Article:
The last two years have surprised us in numerous ways. This year, in the entertainment and fashion industry, it’s the first-ever metaverse fashion show that has grabbed everyone’s attention. The Metaverse Fashion Week took place in the virtual world of Decentraland from the 24th to the 27th of March.
Well-known brands came forward to explore and contribute to this virtual mega event. Although prominent players like Gucci and Ralph Lauren were absent, the hype around the event was still justified. Brands like Tommy Hilfiger, Dolce & Gabbana, Etro, DKNY, and Estee Lauder showed full participation.
The head of Metaverse Fashion Week, Giovanna Graziosi Casimiro says “It is just the beginning. We need to take one step at a time,”.
Unlike in the real world, this fashion experience was open to everyone. Decentraland proudly claims, “everyone’s a VIP in the metaverse”. As a part of the event, one could purchase NFTs from famous brands using the platform’s native coin, MANA.
Dolce & Gabbana presented cat themes designs with models walking down the virtual ramp. Based on Estee Lauder’s Advanced Night Repair solution, an NFT wearable was also showcased. Tommy Hilfiger presented its spring 2022 collection virtually. Hilfiger put forth his aspirational aim to give out the real-world experience and set up a digital store.
Much like in real life, the world-famous humanoid robot, Sofia was a star at Fashion Week. Selfridges partnered with Fondation Vasarely and Paco Rabanne to open a virtual shop in Decentraland. An avatar version of singer-songwriter Grimes, put the show to an end.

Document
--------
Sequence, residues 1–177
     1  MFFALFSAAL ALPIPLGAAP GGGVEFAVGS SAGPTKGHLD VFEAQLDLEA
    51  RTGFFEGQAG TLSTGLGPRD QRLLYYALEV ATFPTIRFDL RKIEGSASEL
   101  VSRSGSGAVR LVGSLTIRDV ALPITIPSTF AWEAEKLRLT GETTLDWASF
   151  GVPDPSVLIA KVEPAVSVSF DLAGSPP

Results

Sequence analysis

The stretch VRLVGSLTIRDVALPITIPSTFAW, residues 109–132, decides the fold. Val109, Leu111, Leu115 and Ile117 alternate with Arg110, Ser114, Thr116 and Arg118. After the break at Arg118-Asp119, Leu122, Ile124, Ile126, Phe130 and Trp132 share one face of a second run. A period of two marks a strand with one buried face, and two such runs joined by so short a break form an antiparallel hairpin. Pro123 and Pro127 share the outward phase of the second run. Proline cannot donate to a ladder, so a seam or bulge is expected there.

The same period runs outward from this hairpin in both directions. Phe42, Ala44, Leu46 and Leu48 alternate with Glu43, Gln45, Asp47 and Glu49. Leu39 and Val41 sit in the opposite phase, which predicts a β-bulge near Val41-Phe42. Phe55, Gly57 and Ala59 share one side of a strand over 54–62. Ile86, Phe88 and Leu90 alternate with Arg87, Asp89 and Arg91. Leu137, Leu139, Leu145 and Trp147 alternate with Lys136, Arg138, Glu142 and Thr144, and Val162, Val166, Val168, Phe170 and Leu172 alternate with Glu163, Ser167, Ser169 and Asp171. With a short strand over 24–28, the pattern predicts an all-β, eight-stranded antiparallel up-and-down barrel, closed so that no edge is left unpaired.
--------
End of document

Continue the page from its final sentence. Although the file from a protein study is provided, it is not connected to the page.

As the first Metaverse fashion event, MFW was bound to have a mixed reaction.
Technical glitches and low-level graphics are some of the main issues. The process of joining events on Decentraland can sometimes be slow and hectic. There are complaints of music not playing after arrival, or multiple audios playing at once. At times people might not be able to hear the audio at all. Organisers gave out feedback stating that everyday wifi and computers may not be as powerful to bring out the high-fidelity experiences. Jason Rosenstein, CEO of NFT auction house Portion shares “They put us back 25 years in terms of resolution”. The texture of digital fashion items is also compromised. Designers with high-fidelity 3D versions often have to dramatically simplify the aesthetics to translate into Decentraland, comments Rosenstein.
Even in Decentraland, evaluating popularity has become an issue. To avoid overcrowding, avatars are dropped in different spaces. Designer Phillipp Plein shared his experience and said, “When I logged into my own party it was empty, but the other one was packed”. These experiences stand contrary to the very notion of Decentraland. “At times, Dentraland can feel lonely,” says Max Vedel, co-founder and creative director at Swipe.